Is intellect the ultimate weapon in the fight for self-preservation?

“In some remote corner of the universe poured out and glittering in innumerable solar systems there once was a star on which clever animals invented knowledge. That was the haughtiest and most mendacious minute of ‘world history”– yet only a minute. After nature had. drawn a few breaths the star grew cold, and the clever animals had to die.

One might invent such a fable and still not have illustrated inefficiently how wretched, how shadowy and flighty, how aimless and arbitrary, the human intellect appears in nature. There have been eternities when it did not exist; and when it is done for again, nothing will have happened. For this intellect has no further mission that would lead beyond human life. It is human, rather, and only its owner and producer gives it such importance, as if the world pivoted around it.

But if we could communicate with the mosquito, then we would learn that it floats through the air with the same self-importance, feeling within itself the flying center of the world.

There is nothing in nature so despicable or insignificant that it cannot immediately be blown up like a bag by a slight breath of this power of knowledge; and just as every Porter wants an admirer, the proudest human being, the philosopher thinks that he sees the eyes of the universe telescopically focused from all sides on his actions and thoughts.

It is strange that this should be the effect of the intellect, for after all it was given only as an aid to the most unfortunate, most delicate, most evanescent beings in order to hold them for a minute in existence from” which otherwise, without this gift they would have every reason to flee as quickly as Lessing’s son.

That haughtiness which goes with knowledge and feeling, which shrouds the eyes and senses of man in a blinding fog, therefore deceives him about the value of existence by carrying in itself the most flattering evaluation of knowledge itself. Its most universal effect is deception; but even its most particular effects have something of the same character.

The intellect as a means for the presentation of the individual, unfolds its chief powers in simulation; for this is the means by which the weaker, less robust individuals preserve themselves, since they are denied the chance of waging the struggle for existence with horns or the fangs of beasts of prey.”

                                       — Nietzsche from “On Truth & Lie in an Extra-Moral Sense.”

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2 thoughts on “Is intellect the ultimate weapon in the fight for self-preservation?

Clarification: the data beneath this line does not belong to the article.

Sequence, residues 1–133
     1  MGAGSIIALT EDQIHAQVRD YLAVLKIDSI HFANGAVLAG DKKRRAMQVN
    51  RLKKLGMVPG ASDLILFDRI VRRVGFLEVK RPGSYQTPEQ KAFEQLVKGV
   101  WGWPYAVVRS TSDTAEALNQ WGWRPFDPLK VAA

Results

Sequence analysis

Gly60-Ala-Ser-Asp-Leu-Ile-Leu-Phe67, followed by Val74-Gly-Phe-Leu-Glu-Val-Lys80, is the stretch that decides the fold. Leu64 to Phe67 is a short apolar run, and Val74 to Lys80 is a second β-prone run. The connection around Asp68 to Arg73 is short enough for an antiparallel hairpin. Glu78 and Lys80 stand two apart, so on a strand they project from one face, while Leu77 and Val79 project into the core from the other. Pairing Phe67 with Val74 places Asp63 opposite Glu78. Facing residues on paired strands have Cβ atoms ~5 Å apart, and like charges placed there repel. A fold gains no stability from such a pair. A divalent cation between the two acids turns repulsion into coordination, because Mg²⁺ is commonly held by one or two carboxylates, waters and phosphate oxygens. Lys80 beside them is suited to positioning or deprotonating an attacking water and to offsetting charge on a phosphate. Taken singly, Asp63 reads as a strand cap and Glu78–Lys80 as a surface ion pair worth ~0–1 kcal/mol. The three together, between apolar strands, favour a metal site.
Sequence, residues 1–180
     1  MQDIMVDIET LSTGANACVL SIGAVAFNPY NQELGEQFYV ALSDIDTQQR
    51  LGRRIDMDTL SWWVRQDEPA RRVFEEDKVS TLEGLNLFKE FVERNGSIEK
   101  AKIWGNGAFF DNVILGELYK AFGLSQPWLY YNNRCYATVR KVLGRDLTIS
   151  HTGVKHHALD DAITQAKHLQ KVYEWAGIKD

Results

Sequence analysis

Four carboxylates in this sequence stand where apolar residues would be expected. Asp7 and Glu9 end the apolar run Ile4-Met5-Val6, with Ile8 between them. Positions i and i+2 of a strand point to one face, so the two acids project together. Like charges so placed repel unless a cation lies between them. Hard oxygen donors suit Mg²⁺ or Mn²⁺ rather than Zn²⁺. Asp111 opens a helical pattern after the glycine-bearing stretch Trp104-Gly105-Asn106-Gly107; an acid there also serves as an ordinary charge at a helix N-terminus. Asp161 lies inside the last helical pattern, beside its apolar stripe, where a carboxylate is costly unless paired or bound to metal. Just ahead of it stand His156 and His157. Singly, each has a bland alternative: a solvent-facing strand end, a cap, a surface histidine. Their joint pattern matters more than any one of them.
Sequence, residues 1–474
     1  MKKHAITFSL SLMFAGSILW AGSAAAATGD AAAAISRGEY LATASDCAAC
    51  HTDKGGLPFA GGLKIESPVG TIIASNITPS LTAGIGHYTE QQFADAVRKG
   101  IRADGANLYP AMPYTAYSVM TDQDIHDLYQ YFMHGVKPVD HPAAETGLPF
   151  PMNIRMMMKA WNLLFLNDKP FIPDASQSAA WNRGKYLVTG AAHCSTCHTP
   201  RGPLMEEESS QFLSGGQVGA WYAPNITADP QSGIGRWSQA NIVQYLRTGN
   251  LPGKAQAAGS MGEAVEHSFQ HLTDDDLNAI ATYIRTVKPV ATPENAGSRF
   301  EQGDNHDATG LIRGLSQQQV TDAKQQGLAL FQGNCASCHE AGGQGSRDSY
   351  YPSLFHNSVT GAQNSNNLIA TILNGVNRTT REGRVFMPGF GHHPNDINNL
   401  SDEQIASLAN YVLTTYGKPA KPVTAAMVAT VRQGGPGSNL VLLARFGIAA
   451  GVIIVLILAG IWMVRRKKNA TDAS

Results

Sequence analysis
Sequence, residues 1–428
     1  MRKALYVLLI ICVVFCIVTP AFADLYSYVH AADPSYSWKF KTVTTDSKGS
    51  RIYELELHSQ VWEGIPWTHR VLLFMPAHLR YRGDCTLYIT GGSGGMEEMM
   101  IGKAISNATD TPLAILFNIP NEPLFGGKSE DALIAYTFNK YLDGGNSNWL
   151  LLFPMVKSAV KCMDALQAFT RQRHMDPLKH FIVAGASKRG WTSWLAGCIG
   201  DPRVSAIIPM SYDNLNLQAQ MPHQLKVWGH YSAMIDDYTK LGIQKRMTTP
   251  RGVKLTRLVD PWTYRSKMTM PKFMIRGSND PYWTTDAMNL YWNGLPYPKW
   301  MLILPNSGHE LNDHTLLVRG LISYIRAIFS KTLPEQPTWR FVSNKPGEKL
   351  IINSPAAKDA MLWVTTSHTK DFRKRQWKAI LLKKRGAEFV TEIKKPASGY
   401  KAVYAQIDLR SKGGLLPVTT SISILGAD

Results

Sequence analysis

1. Good quote.
    I concur – the ego and the intellect is probably the latest part of evolution, as in making us more capable at surviving.

    Thinking (thought process) and decision making are mostly connected with the neocortex and the prefrontal cortex – both very new parts of our brain compared to, say, the amygdala (“lizard brain”) which is mainly preoccupied with emotion and survival.

    As for the end of the quote about how “lesser people” are trapped in their own imagination, I counter with another quote:

    “Entropy is the normal state of consciousness—a condition that is neither useful nor enjoyable. To avoid this condition, people are naturally eager to fill their minds with whatever information is readily available, as long as it distracts attention from turning inward and dwelling on negative feelings. This explains why such a huge proportion of time is invested in watching television, despite the fact that it is very rarely enjoyed. Compared to other sources of stimulation—like reading, talking to other people, or working on a hobby—TV can provide continuous and easily accessible information that will structure the viewer’s attention, at a very low cost in terms of the psychic energy that needs to be invested.”

    — MIHALY CSIKSZENTMIHALYI —

    1. That’s a great quote about Entropy and the television, I think Mihaly was right. Not everyone can simulate their intellect, and that by its own account shouldn’t make them out to be lesser.

      Am not a big fan of television, but I do recognize its use in what you just said. Basically, I don’t think intellect on its own is the ultimate weapon for self-preservation, problem is television and intellect simulation don’t always go together. So you get scenarios where the intellectual focuses on only intellectual simulation, and the ‘lesser’ man on television only.

      We need a compromise.

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